Delphi Developing Direct Injection Systems to Support Flex-Fuel Engines
27 July 2006
|Delphi Multec Direct Injection Gasoline (DIG) Injector.|
Delphi is developing flex-fuel capability for its coming Multec direct injection gasoline (DIG) systems, thereby giving automakers the ability to extend the performance and efficiency benefits of direct injection gasoline engines into a flex-fuel application.
The current Delphi Multec gasoline multi-port injector systems can be used with global gasoline-alcohol mixtures of up to 100% (also factoring in the differing qualities of alcohol fuels in the global market) and on single- or multi-intake valve spark ignition systems.
Delphi fuel rails and Multec 3.5 E85 injectors allow for increased flow capacity for ethanol. Additionally, they are designed with additional resistance to ethanol corrosion. Delphi has supplied E85-compatible technology to more than 2 million vehicles. In South America, Delphi has produced systems and components for more than 430,000 ethanol compatible vehicles since 1991.
The current ethanol direct injection work is to ensure that Delphi’s upcoming DIG system for homogeneous combustion systems (homogeneous charge spark ignited), due to begin production in 2009, will also support global flex-fuel applications.
As [automakers] are responding to the market forces in their markets, higher fuel economy requirements, gas prices and those things, technologies are being implemented onto vehicles such as direct injection engines. Certain manufacturers want to make sure that they can offer the flex-fuel option with those as well.—Michael Frick, Delphi’s Chief Engineer for direct injection gasoline systems
The Multec DIG Homogeneous Combustion Injector features an inwardly opening valve group that can be configured either with a swirl type atomizer for a traditional hollow-cone spray, or with a multi-hole atomizer that provides improved spray stability (cone shape) versus counter pressure.
|The stratified spray created by the DIG Spray Stratified Injector enables fuel combustion to occur with sufficient energy to meet an expanded range of engine performance requirements while helping minimize fuel consumption.|
Delphi will follow this system in 2010 with the introduction of its first spray-guided system, the Multec Direct Injection Gasoline Spray Stratified Injector, which will operate at 200 bar. Its enhanced linear flow range will be suitable for turbocharged engines. The small particles in the spray will optimize charge distribution for future combustion processes such as gasoline homogeneous charge compression ignition (HCCI).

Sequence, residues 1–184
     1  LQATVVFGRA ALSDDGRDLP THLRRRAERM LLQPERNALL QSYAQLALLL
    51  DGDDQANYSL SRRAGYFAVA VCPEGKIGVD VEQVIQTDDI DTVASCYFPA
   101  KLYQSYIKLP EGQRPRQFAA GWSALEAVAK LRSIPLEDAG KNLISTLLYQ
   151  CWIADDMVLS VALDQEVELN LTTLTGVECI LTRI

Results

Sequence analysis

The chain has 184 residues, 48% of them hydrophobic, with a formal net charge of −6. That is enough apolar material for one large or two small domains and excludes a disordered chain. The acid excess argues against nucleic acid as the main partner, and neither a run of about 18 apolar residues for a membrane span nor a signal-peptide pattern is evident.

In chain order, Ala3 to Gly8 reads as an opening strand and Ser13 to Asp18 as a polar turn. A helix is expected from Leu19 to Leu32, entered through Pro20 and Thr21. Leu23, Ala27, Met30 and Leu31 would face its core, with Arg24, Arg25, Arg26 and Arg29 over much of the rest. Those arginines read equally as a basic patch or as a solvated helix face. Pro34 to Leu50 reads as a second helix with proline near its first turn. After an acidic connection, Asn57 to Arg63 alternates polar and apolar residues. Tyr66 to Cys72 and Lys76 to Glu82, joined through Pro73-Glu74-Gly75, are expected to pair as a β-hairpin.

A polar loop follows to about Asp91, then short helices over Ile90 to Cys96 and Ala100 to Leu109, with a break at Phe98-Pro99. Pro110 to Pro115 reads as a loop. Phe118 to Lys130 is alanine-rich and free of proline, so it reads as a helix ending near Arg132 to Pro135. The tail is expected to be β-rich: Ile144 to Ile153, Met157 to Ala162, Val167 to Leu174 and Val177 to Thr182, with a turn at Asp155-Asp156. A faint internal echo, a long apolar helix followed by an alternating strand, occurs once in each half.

Delphi is taking the approach that material selection for the DIG systems right from the beginning of design has to be compatible with alcohol, according to Frick.
This drives certain decisions such as the use of stainless steel, minimizing the number of elastomers, and putting more attention on the wear surfaces that experience increased forces from increased fuel pressure in a flex-fuel environment.
Ethanol has a higher octane rating than gasoline, and can be used at a higher compression ratio than its petroleum-fuel counterpart. Because of that, even though ethanol has a lower heating value that gasoline, it can actually deliver higher efficiency than a gasoline engine—given the appropriate engine configuration.
For example, a 2002 study by the EPA on the use of 100% alcohol fuels in a port-injected engine found that a turbocharged, 1.9-liter engine with a 19.5:1 compression ratio demonstrated better than 40% brake thermal efficiency with low emissions when using methanol. Ethanol produced similar emissions levels, but with slightly higher fuel consumption.
By way of comparison, Saab’s E100 400hp Aero X concept car (earlier post) uses a 12:1 compression ratio and twin turbochargers running at 1.0 bar boost. Both the Aero X and E100 Saab BioPower Hybrid concept (earlier post) use a Spark Ignited Direct Injection (SIDI) system.
MIT researchers have been investigating the use of a parallel ethanol direct injection (DI) system to support the use of small, highly turbocharged engines with substantially increased efficiency as a downsizing strategy to reduce fuel consumption and emissions. (Earlier post.)
In this scheme, the ethanol direct injection system is controlled separately from the gasoline injection system, and the ethanol is stored in a separate tank. The gasoline system can continue to use conventional port-injection.
The requirements of a flex-fuel system, however, are more constraining than those of running pure ethanol. The engine can’t be fully optimized to run either alcohol or gasoline.
But endowing a more efficient engine technology—such as gasoline direct injection—with the ability to support a flex-fuel application allows the flex-fuel platforms to take advantage of more general improvement in efficiencies provided by that engine technology. In the case of gasoline direct injection, that results in an estimated improvement in fuel economy of between 5% to 15%, depending upon the drive cycle.
Furthermore, researchers are still looking into ways to further optimize a flex-fuel engine for an ethanol blend. Saab introduced a concept Variable Compression Ratio engine in 2000 that, while definitely not a current high priority, is still being investigated, according to a company spokesperson.
Delphi is also interested in seeing if it can use its variable cam phasing system as a mechanism to get some additional small benefit out of the use of a fuel with higher alcohol content.
Siemens VDO, a Delphi competitor, has indicated that its direct injection systems also will be E85 capable.
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